Bobby "Blitz" Interview

It will be a first for Overkill and Syracuse. Overkill will be kicking off their world tour here in Syracuse.
Touring behind their latest album "Horrorscope" (Megaforce/Atlantic Records), lead singer Bobby "Blitz" Ellsworth talked with us about his band.

Q. -Bobby, of all the cities, in the world, why did you choose Syracuse as the starting place for your world tour?
A. -Because of the warmth of the city, (laughs). We wanted to do some shows, being that we have a new line-up in areas that the band is fairly strong in. Besides, one of our new guitar players (Rob Cannavino) is about on hour and a half south of you in Elmira. It's kind of one of the places that would be on a regular run for a band, but at the same time close enough where he can have the whole family up and we can just start tearing it up in a very comfortable atmosphere. We've always liked playing the city. There's a want for the bands by the people who do come out to the shows. It's just a natural choice. Sure it could have been Cleveland or Buffalo, but at the same time we thought why not get everything, start this off on the right foot kind of thing.

Q. -So, this is a big deal for the band?
A. -Oh, most definitely. To kick it off is the biggest deal right there. It gives it a very endearing quality to the cities you always start in, for the band and the city. This is it. You're seeing the first one. And actually that will be the first show you'll see with these new guys. So, it's actually a lot of firsts.

Q. -For someone who's thinking of going to your show — give them a reason why. What is so special, unique, or different about Overkill?
A. -I kind of like to think of us as an honest explosion of emotion. What you see is what you get. It's a very pure representation of what we're all about, the way we think, a constant, constant energy. If you want a place to feel like the weight of the world is lifted off your shoulders, the best place to do it is at one of our shows. The reason being is it's a place to vent your anger, yet feel good about yourself while doing it.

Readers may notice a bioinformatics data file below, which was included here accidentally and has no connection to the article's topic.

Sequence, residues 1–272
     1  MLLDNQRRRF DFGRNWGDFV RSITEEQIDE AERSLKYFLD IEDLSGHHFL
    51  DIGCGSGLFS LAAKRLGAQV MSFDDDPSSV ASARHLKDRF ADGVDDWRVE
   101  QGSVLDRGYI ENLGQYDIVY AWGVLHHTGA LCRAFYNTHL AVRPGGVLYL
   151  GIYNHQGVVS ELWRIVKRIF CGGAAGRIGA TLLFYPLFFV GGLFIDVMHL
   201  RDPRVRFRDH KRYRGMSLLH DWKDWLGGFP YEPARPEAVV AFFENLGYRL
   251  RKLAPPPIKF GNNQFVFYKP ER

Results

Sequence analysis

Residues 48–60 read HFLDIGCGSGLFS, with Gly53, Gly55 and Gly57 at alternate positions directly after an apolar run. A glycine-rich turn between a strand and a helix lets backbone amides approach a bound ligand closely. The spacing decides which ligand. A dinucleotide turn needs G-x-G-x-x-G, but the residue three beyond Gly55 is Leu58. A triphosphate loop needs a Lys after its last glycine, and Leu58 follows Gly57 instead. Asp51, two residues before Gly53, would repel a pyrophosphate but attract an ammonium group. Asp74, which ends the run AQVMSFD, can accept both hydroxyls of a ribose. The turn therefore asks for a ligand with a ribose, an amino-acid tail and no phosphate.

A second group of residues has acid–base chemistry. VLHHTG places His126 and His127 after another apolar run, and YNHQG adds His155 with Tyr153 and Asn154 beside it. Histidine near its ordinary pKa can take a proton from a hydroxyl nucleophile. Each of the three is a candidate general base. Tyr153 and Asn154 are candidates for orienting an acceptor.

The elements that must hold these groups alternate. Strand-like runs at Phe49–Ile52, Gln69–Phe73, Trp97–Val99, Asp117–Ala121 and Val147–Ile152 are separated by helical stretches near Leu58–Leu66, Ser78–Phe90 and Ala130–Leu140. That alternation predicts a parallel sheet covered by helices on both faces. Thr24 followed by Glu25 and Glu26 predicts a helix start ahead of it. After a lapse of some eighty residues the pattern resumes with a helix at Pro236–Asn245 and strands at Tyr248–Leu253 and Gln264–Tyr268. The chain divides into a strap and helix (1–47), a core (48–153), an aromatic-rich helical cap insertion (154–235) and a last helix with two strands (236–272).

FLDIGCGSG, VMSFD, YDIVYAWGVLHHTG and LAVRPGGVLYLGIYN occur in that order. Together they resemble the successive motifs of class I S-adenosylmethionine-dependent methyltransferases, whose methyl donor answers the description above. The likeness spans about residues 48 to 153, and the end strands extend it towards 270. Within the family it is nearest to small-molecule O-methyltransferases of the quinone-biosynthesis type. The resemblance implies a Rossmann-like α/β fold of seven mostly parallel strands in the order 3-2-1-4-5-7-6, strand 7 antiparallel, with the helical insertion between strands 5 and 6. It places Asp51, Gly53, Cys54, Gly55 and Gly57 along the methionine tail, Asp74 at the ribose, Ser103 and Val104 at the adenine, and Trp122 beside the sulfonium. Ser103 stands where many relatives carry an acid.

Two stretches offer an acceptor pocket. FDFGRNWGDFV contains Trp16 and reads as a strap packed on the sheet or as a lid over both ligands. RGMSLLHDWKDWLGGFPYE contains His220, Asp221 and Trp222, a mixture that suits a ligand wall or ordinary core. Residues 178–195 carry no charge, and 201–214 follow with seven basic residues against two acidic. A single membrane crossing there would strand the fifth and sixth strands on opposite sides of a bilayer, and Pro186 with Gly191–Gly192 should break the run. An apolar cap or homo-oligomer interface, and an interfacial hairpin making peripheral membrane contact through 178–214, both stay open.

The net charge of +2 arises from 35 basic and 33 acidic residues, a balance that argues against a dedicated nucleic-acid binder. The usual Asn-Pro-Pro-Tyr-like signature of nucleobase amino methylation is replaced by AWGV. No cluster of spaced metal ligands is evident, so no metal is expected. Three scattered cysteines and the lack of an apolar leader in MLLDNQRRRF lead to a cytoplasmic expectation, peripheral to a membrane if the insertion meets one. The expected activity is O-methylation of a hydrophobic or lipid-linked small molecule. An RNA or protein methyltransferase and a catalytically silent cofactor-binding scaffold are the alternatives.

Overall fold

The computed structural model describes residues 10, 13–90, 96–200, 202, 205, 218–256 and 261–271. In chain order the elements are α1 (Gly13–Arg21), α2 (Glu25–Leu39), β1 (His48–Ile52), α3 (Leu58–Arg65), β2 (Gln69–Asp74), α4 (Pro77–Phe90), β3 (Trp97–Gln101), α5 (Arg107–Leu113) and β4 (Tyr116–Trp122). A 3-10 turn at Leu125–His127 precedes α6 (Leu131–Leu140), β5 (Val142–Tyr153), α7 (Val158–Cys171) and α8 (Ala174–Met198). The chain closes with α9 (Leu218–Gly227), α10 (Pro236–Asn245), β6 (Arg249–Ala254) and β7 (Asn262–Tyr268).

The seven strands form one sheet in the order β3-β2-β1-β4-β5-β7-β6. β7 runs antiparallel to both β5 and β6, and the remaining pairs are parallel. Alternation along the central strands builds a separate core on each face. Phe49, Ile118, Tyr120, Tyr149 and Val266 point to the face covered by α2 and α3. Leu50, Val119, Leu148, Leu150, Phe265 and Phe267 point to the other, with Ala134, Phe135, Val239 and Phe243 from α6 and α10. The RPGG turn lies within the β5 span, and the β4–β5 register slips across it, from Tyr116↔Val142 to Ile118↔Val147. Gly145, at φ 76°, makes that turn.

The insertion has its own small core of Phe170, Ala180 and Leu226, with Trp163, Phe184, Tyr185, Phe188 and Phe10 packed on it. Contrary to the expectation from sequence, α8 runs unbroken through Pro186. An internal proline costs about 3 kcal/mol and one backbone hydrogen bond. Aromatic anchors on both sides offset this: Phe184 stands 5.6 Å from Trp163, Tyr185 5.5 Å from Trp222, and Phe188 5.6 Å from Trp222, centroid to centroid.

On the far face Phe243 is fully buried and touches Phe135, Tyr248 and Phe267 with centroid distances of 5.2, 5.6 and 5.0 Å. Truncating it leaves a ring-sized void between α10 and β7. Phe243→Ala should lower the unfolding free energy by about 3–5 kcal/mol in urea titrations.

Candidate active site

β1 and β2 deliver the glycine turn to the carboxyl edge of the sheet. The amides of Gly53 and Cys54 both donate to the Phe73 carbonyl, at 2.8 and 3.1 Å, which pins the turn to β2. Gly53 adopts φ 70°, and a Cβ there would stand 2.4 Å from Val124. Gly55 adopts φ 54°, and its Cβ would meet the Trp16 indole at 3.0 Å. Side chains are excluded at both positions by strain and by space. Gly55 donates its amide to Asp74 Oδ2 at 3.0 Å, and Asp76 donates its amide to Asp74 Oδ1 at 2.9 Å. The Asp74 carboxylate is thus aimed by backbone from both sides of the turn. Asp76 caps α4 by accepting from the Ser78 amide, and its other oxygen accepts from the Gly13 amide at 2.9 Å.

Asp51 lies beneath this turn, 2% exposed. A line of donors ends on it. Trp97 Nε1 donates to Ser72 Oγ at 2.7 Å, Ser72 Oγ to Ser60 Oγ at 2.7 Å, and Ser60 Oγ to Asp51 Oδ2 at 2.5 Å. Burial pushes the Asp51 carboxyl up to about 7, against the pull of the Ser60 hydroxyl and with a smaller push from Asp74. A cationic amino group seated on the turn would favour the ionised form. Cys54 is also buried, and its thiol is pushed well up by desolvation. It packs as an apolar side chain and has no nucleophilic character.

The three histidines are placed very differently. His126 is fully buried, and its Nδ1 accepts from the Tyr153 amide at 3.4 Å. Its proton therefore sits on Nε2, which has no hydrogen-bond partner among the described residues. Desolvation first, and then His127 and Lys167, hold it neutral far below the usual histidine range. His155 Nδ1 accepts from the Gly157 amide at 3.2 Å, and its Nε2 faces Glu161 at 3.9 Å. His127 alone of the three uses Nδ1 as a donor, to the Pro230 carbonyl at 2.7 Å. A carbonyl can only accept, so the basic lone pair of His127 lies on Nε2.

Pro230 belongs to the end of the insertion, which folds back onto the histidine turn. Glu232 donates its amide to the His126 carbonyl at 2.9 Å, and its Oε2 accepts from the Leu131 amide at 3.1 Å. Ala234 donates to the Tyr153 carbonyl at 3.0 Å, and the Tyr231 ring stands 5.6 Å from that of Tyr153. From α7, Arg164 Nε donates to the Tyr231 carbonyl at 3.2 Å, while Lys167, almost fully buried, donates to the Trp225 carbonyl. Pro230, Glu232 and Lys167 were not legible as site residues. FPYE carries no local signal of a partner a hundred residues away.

Q. -How long has this band been together?
A. -With this one only for a year. I met D.D. Verni the only other existing original member in 1982. So, we're pushing our ten year anniversary, very soon. We've only been recording since 1985, and in the interim have done 5 records.

Q. -When musicians are replaced in a band, we always hear how energized the band becomes. But, what's the downside to having guys with you for years, up and leave the band?
A. -I suppose there is a downside because originally by losing someone like that, it's almost like going through a divorce, or I assume the closest thing I can imagine. The downside is down played now because it's overshadowed by the excitement of new people. To add that hunger overshadows anything negative in the past.

Q. -What's the key to breaking a group like Overkill, is it constant touring?
A. -Most definitely. You have to fight it out in the trenches, by either playing the clubs or, in many areas we're large enough to do theatres on our own. So, we're worth 1,000 to 3,500 tickets, depending on the area. We have to constantly be playing. That personal contact is what gives the music its credibility. It's something to be experienced, not just listened to. It's not really a product of MTV. It's more of a product one on one contact with audiences. So, that really is what breaks the band. Without that, it would be a C and C Music Factory kind of thing. I know they sell lots of records, but how many tickets are they worth?

Q. -Bobby, where do you want to take this band? What do you want to accomplish?
A. -To bring it to as many people as possible, but on our own terms. If we brought it to that, I'm happy.

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